Let’s get started.
- Chili peppers
- Fruits/ vegetables
- Citrus juice
- Salt and seasoning
You can make the fermented hot sauce at home using fresh peppers, dried peppers, or powdered peppers. Chili peppers are the main ingredient that makes the hot sauce what it is – hot! You can choose any one pepper type or use a combination of your favorites. Some pepper varieties, like the Mexican peppers, taste splendid in their dried and powdered form and make absolutely hot, hot sauces.
Vinegar and Acids
Unlike chili peppers, vinegar and acids are variables. You may or may not use them to make fermented hot sauce. There are many different types of vinegar that you can use in the making of fermented hot sauce, including white vinegar, apple cider vinegar, red wine vinegar, and malt vinegar.
Each type has its own distinct taste and character and will have an effect on the final flavor of your hot sauce.
To add a tinge of acidity to your hot sauce, we suggest you add a few drops of citrus juice. However, keep in mind that your hot sauce made using lemon juice will taste contrastingly different than the hot sauce that uses orange juice. It all comes down to what flavor you like more.
Fruits and Vegetables
Fruits and vegetables aren’t essential ingredients in the fermented hot sauce recipe. But as they say – the more the merrier. You can add fruits and vegetables to the hot sauce if you want your fermented hot sauce to have the depth and complexity of multiple flavors.
For example, many people add tomatoes to their hot sauce for their versatility and depth. Others add carrots to give their hot sauce a touch of sweetness. Onions and garlic are also commonly used vegetables in hot sauce.
Seasoning and Salt
The options of seasoning the hot sauce are endless. Everyone has got different taste buds, and you can use any seasoning that you like. As far as salt is concerned, it’s not just used as a seasoning, but it also acts as a preservative that’ll keep your hot sauce from spoilage.
A fermented hot sauce recipe is subject to numerous variables. You don’t have to stick to any one recipe. You can mix and match and prepare a fermented hot sauce that caters to your taste to perfection.
Steps to Make Fermented Hot Sauce
Let’s get started with the step-by-step fermented hot sauce recipe that’s sure to make the best fermented hot sauce!
Step 1: Gather Ingredients
Add all the ingredients to a jar, including the chili peppers and any vegetables that you’re planning to use. We’re following the fermented hot sauce recipe that includes onions, garlic, and carrot.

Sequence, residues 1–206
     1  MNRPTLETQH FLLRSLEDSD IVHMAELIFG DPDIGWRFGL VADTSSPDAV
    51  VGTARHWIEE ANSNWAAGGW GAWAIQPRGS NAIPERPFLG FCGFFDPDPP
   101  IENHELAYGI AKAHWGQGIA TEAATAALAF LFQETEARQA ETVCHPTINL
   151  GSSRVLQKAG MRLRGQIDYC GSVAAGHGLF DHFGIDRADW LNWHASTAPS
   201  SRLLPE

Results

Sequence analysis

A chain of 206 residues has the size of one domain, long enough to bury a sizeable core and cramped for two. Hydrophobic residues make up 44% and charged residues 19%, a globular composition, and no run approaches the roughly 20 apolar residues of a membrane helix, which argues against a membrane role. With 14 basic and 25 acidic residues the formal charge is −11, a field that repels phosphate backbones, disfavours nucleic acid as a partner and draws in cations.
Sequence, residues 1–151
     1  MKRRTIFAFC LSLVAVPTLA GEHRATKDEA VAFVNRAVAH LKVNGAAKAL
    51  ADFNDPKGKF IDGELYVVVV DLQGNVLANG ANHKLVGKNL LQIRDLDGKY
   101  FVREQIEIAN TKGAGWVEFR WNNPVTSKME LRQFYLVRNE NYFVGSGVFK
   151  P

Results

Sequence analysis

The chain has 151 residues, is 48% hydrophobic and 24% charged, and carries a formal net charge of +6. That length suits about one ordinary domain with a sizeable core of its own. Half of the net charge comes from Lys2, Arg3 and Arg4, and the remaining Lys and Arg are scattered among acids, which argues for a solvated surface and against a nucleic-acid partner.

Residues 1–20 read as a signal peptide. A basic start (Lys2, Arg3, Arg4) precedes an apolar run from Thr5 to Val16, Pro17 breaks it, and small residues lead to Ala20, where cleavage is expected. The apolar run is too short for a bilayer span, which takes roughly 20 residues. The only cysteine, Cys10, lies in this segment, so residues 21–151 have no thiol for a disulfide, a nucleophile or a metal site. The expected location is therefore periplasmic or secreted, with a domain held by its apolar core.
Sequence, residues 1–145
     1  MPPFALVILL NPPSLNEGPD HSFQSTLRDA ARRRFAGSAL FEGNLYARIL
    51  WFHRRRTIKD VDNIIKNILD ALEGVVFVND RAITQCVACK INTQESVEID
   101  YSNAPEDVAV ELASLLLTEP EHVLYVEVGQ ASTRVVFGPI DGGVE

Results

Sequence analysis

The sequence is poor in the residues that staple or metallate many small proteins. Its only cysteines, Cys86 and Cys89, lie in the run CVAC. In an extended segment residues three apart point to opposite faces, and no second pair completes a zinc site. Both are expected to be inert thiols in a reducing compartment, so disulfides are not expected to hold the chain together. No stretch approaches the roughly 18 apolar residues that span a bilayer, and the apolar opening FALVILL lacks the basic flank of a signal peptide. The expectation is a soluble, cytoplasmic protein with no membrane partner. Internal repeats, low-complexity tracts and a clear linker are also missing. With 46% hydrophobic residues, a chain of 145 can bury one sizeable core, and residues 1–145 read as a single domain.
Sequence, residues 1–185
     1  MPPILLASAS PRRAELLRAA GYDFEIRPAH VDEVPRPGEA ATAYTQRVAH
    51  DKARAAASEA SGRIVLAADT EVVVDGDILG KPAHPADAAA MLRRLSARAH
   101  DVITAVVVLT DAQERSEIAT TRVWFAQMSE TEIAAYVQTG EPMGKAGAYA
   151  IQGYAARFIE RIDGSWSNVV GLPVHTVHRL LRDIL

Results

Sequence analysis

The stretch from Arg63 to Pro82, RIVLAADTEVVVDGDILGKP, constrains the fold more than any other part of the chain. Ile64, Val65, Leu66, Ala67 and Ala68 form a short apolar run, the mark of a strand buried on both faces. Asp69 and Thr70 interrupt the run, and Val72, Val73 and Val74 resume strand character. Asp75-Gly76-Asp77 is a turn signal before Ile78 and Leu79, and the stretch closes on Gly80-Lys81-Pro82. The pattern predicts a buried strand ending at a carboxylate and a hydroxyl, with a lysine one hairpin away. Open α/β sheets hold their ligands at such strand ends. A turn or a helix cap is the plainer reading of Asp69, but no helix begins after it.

If you’re afraid that your hot sauce will turn out to be too hot, you can always tame down the spice level by adding bell peppers. Moreover, the flavor also gets milder with storage in the refrigerator.
Pro Tip: Try to stick to the same color palette when using chili peppers and bell peppers to make your hot sauce look appetizing.
Step 2: Prepare the Salt Water Brine
Preparing saltwater brine is the most critical step when making fermented hot sauce. Although it’s a mixture of sea salt and water, achieving the correct ratio is crucial. The ideal ratio is 1 and a quarter teaspoon of sea salt mixed in a cup of warm water.
If there’s not enough salt in the brine, it’ll promote the growth of unhealthy bacteria. Too much salt in the brine will lead to the death of all bacteria, and as a result, there will be no fermentation. If you feel the quantity of water in the jar is insufficient for the number of chilies, don’t just add water, add salt accordingly as well. Heat the water slightly to make the salt dissolve completely.
Pro Tip: Use finely ground sea salt. It’ll dissolve quicker.
Step 3: Pour Salt Brine into the Jar
Pour the salt brine solution into the jar containing the chili peppers. The solution should be enough that all the chili peppers are completely submerged in it. Push the chilies down if any part remains outside the salt brine solution.
Any part of chili that isn’t submerged in salt brine solution will go bad, resulting in all of the contents in the jar going bad.
Moreover, you can use fermentation weighs to ensure that chilies stay completely submerged in the salt brine solution. If you don’t have fermentation weighs, you can fill in water in a zip lock bag and place it over the top of the contents.
Step 4: Cover the Jar